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Leftover Salmon remembers Mark Vann with tribute CD

Live blends bluegrass tunes Who: Leftover Salmon Where: Garfinkel’s When: Aug.

Live blends bluegrass tunes

Who: Leftover Salmon

Where: Garfinkel’s

When: Aug. 20

To remember their former banjo player Mark Vann, who passed away this past year, Colorado’s Leftover Salmon titled their fifth, Live (pronounced as in "to live").

"We’re excited about the new album," says Vince Herman, on vocals, guitar and "gibberish" for the band.

Vann, a founding member of the group, died of cancer in March, 2002. He won the Telluride banjo contest – a renowned strings competition – twice. His role in the band has been filled by Matt Flinner.

The rest of the lineup is Drew Emmit on lead vocals, mandolin, and fiddle, Greg Garrison (from Chicago) is on bass, Jose Martinez on drums, and Bill McKay (who played with the Band du Jour for five years as well as with the Wiley Cotton Band) is on organ.

New songs from Live include Bill’s Boogie, Danger Man, Dark Green Thing, and Unplug That Telephone.

From his home in Boulder, Herman chatted about the evolving, 12-year-old band that has played with likes of Garaj Mahal and the bluesman of the Telluride Bluegrass Festival.

This fall, they are playing a concert with U.S. "godfather" of country music, Willie Nelson.

Their own "polyethnic cajun style music" was central to the singer’s life.

"It’s a great reward to get your friends out and get rowdy, with people interacting – it helps our culture," says Herman.

"There’s too much of this TV-watching indoors, and music is a good way to break those walls down."

It wasn’t until he turned 25, that Herman made a real go of it in the music world.

"I told myself what people told me for years: ‘don’t do it, you’ll never make any money at it’.

"But then I realized, why am I putting it off?" he adds.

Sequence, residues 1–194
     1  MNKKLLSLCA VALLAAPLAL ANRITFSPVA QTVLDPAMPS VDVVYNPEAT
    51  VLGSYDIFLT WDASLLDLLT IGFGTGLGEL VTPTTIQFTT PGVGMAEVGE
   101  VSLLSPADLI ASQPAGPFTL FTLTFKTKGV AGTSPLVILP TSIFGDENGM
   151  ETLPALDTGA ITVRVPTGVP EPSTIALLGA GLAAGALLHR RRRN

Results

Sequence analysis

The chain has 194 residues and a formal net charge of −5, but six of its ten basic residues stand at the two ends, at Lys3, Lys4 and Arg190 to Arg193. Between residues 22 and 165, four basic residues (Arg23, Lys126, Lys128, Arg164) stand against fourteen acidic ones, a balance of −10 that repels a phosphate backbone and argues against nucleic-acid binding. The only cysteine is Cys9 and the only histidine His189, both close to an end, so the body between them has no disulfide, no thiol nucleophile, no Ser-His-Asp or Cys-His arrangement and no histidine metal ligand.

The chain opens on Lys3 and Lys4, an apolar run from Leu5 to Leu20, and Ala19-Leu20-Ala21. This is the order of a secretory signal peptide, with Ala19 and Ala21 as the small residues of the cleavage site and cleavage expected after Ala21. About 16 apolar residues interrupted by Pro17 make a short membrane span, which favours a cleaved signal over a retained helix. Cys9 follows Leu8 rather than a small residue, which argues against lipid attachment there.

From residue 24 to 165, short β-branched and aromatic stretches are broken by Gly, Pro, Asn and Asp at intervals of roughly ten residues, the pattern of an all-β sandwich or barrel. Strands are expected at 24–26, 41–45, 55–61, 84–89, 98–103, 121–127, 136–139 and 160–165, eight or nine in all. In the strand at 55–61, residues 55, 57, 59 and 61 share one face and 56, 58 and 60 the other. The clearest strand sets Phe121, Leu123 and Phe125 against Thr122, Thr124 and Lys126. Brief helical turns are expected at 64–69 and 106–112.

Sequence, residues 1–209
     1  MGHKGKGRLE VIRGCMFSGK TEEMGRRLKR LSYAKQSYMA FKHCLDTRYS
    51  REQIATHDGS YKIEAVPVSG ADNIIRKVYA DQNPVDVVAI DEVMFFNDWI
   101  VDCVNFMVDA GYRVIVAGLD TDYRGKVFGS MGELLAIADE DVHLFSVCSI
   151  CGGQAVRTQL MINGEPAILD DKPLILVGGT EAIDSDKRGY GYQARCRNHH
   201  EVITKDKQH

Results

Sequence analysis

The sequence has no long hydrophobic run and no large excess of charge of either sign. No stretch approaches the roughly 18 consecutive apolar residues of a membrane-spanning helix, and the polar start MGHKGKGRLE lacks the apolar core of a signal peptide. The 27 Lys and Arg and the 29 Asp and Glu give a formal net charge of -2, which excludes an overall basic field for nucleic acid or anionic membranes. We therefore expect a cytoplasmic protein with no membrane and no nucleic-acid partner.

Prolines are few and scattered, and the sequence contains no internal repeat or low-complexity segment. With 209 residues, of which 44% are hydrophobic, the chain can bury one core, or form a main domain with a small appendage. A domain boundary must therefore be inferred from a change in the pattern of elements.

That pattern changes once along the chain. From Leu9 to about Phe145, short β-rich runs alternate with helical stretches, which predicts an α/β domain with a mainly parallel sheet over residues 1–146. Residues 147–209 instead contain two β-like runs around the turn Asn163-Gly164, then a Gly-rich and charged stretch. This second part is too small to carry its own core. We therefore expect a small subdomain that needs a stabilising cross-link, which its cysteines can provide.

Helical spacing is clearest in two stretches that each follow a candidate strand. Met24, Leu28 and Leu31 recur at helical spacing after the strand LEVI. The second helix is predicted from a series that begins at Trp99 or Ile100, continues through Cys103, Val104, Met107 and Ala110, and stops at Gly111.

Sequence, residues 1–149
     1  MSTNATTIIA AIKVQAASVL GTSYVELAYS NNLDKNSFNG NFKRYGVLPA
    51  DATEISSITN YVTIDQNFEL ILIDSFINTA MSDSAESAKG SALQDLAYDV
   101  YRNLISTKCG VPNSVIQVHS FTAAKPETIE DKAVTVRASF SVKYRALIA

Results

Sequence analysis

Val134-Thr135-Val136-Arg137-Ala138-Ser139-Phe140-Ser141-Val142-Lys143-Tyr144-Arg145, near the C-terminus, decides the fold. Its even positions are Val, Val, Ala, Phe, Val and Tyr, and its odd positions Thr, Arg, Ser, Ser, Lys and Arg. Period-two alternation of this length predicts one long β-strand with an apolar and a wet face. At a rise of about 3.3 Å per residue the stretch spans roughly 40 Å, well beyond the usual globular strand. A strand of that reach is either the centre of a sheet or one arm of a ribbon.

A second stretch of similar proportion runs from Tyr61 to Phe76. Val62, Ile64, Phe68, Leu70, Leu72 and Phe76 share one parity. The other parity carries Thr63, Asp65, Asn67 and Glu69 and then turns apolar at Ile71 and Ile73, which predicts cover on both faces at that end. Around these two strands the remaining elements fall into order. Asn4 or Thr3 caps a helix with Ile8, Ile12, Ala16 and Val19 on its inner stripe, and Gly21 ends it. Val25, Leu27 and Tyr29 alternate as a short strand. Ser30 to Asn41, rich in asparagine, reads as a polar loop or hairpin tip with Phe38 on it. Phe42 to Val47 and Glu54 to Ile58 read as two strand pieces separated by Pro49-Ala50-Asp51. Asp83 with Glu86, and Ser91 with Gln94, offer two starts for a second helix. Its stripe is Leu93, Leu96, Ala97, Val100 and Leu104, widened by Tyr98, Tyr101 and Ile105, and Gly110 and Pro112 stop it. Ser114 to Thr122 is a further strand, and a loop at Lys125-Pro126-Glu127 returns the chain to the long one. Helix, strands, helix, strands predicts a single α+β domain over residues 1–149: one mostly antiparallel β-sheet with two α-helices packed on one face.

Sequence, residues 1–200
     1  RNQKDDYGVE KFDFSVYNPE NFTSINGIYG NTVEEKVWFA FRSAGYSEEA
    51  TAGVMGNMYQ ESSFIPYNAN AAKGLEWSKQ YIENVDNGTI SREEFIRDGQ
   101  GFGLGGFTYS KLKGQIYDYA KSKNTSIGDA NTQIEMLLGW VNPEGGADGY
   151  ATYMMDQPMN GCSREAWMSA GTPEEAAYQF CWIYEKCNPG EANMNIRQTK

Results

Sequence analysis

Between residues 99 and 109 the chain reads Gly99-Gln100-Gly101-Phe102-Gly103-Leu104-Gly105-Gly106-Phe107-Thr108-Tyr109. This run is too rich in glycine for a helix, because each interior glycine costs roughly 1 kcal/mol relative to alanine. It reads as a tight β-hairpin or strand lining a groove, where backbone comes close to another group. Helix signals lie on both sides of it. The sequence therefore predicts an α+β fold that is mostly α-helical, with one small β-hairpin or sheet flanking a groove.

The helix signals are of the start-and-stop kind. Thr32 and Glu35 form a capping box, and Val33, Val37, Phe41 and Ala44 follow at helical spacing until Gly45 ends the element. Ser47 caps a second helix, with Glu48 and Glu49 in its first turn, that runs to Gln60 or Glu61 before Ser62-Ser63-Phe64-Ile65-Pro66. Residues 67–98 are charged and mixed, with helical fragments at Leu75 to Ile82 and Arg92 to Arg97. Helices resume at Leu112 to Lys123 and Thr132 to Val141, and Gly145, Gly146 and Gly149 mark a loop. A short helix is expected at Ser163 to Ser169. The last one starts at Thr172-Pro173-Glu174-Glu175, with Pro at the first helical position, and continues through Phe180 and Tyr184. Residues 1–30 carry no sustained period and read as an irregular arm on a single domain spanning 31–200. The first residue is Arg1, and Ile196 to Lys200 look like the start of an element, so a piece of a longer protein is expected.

Herman, who began with a sound based on a lot of guitar-picking, played some rock and roll, then added a drummer to his band to anchor the sound.

In the first few years of the band’s development, Leftover Salmon would play around 200 shows per year on tour.

Looking back on that time, Herman mentions the annual Telluride Bluegrass Festival as one regular highlight.

"It’s like Whistler, you’re not sure which way to look and turn to absorb the beauty all around you."

Herman says the calibre of talent, and number of musicians who gather for the festival, always make it memorable.

He grew up listening to a huge mix of ethnic music in Pittsburgh, including polka bands. He credits accordion player Ed Andrews as being his music mentor. It was Andrews who showed him how to play guitar in Grade 3.

The accordion isn’t usually part of the Leftover Salmon sound but the band keeps their shows creative. On their Web page, they list "costumes, parades, contests, and visual arts" as part of the Leftover Salmon experience. They dressed in medieval attire for their 1999 Planet Salmon Fest in Lyons, Colorado.

Herman is pleased with the band’s success, aside from the name.

"If we would have known we would have lasted this long, we would’ve though of a different name!" he laughs.

The name grew out of the 1989 merger of two bands, Herman’s Salmon Heads and Boulder’s Drew Emmit and the Left Hand String Band. Together – including Emmit who played with them for seven years – they became Leftover Salmon.

Leftover Salmon say they don’t centre tours around certain albums, but instead the recording of a CD "just happens occasionally."

Bridges to Bert

was the band’s debut CD, followed by Ask the Fish in 1995.


was then released on Hollywood Records in 1997, working up to 1999’s The Nashville Session , which included guest singers Waylon Jennings, Lucinda Williams, and Ronnie McCoury.

Playing with renowned musician Fareed Haque, who has appeared at the Boot several times this past year, was a memorable show.

Herman says of Haque: "He’s a nutcase. He’s just a funny guy."

An upcoming three-day festival in Oregon will see the band share a stage once more with Garaj Mahal, in addition to Vinyl band and Keller Williams.

Herman recounts an exciting show with musician Wavy Gravy (part of the ’50’s Beat movement), at the Fillmore in San Francisco.

"We all got down in this football-like stance and traded solos. You really had to be there."